I realized my indigenous identity had felt like a shadow that followed me and that I had feared all my life. When I stopped running and turned to meet it, I saw a friend. I saw my family. I saw myself.

My relationsh­ip with my mother evolved slowly, through occasional letters, cards and phone calls.

In 1991, she visited me in Saskatoon on her first trip back to Saskatchew­an in many years. The day she was to arrive, I ate at a Chinese restaurant where my fortune cookie read: “You will soon receive something you have always wanted.”

In those awkward first days together, I showed her the fortune. She read it and looked at me for a few moments before saying, “Do you mean me?”

All I could do was nod.

It was too close to the child’s big questions that could only sound accusatory: Why did you let me go? Didn’t you want me? How could you let this happen?

I didn’t want to judge her. I knew there were no simple answers. I asked careful questions about my origins and my siblings. She tried to answer them, but there were limits to what she would say. It was clearly painful for her to talk about what happened.

We stayed in touch and visited occasional­ly. She loved Zane Grey novels, Scrabble and Bingo. She laughed often.

My mother didn’t answer questions about residentia­l school, other than to say it’s where she learned to knit. She sent my daughter and me many pairs of hand-knit socks. My mother and Rosalie never connected. I tried to locate Esther and Ben, but it was an emotionall­y taxing job that required filling out forms with questions I couldn’t answer. The government wouldn’t give informatio­n about foster children to siblings. Our mother was the only person who might receive such informatio­n, but I never completed the process of ordering forms to mail to her to sign and send back.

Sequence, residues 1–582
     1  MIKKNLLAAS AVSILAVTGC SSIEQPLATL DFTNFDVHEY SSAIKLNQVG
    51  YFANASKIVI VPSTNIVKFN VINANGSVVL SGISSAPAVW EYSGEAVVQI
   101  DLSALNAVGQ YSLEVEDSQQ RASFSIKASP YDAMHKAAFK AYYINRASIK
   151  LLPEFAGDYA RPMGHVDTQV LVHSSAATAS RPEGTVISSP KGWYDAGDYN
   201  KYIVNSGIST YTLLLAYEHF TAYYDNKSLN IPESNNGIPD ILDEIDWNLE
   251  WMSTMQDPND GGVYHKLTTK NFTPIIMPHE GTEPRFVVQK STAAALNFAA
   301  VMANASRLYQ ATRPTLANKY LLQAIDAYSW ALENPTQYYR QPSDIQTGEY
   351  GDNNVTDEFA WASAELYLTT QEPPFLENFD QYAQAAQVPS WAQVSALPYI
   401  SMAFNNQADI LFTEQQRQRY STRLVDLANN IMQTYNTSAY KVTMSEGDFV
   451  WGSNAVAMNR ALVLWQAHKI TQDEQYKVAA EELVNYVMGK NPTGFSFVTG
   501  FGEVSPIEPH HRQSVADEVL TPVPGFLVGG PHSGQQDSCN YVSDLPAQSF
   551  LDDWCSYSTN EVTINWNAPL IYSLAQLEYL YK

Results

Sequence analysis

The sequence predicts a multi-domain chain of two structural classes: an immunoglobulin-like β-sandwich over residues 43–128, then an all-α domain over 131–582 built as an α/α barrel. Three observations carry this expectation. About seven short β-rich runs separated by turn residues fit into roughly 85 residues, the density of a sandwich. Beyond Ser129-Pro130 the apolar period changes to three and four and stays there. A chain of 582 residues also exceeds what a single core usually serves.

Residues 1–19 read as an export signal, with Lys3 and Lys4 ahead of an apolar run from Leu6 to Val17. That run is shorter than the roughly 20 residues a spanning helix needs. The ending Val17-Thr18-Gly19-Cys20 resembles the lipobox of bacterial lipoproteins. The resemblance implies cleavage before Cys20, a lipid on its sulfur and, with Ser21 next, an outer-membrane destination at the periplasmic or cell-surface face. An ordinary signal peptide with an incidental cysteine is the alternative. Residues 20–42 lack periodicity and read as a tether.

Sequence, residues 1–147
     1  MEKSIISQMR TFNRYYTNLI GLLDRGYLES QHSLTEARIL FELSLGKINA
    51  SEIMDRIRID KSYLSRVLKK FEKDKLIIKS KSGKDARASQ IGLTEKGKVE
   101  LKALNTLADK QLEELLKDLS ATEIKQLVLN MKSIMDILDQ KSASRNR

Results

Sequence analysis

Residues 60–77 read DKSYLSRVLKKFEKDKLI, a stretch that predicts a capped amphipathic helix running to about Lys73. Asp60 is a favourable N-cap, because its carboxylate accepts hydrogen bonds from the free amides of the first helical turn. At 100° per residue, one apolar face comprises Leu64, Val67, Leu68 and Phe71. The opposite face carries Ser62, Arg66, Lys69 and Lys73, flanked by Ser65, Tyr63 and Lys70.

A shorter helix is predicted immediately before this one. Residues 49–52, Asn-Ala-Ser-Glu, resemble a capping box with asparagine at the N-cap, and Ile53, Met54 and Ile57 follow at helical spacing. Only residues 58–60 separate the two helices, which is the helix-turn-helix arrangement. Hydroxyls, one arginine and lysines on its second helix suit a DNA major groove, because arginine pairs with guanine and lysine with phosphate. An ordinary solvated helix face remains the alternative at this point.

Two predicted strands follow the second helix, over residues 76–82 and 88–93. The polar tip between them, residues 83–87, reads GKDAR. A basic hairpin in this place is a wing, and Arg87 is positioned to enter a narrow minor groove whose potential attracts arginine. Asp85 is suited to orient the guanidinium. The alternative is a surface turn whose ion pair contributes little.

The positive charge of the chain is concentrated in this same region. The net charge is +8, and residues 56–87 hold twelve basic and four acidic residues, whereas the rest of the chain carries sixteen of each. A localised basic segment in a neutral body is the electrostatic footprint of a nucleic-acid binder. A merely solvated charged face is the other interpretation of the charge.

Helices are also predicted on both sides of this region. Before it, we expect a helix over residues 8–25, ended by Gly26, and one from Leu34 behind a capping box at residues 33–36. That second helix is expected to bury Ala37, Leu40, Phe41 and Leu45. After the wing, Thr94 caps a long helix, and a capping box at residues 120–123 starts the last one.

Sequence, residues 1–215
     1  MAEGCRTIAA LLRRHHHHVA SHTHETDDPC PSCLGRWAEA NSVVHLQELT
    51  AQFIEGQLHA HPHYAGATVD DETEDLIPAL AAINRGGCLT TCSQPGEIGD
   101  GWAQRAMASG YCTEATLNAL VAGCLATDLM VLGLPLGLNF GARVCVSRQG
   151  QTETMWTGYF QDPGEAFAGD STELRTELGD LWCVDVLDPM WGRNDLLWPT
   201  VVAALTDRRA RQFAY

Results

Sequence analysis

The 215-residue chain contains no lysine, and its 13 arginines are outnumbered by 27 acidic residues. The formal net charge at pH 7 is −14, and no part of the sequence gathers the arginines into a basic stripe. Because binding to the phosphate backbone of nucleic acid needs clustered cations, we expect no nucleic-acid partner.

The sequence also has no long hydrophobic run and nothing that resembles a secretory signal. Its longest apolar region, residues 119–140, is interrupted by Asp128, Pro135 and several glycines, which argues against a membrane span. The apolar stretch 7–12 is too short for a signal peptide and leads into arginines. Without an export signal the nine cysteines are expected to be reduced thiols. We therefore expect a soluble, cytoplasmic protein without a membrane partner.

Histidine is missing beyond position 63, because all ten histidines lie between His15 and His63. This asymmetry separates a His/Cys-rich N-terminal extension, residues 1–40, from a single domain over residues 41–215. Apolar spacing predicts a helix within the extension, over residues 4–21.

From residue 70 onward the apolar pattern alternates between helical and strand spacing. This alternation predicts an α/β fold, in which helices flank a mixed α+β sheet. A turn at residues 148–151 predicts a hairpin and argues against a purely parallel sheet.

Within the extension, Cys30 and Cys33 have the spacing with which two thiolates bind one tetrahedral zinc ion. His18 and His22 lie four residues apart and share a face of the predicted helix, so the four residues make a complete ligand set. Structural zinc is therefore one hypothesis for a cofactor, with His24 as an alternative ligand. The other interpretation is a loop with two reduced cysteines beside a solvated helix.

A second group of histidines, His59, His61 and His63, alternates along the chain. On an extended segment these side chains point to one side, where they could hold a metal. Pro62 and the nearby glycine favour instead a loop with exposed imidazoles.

In 2006, I got a call from St. Paul’s Hospital in Vancouver. My mother was in the intensive care unit in septic shock. I was stunned and frightened. Should I go? When I got there, she was on a breathing tube, her eyes closed. She was thin and frail. But when I spoke to her she was able to squeeze my hand and she squeezed it again when I sang Amazing Grace. Her longtime companion Joe and I were with her when she died. She was 72.

After she died, I met people who knew my mother, like her neighbours and social worker. Her doctor said many of her patients with hard lives had become bitter. That didn’t happen to my mother. She accepted her circumstan­ces with grace. She laughed a lot and had meaningful friendship­s.

I thought about my fear of getting too close to her. I’d been afraid that she would need more than I could give her. Now I regret not having given more of myself, especially when I think about how she didn’t get to raise her children.

There was a statuette in her home of an Indian mother holding a baby. She never got to be that mother.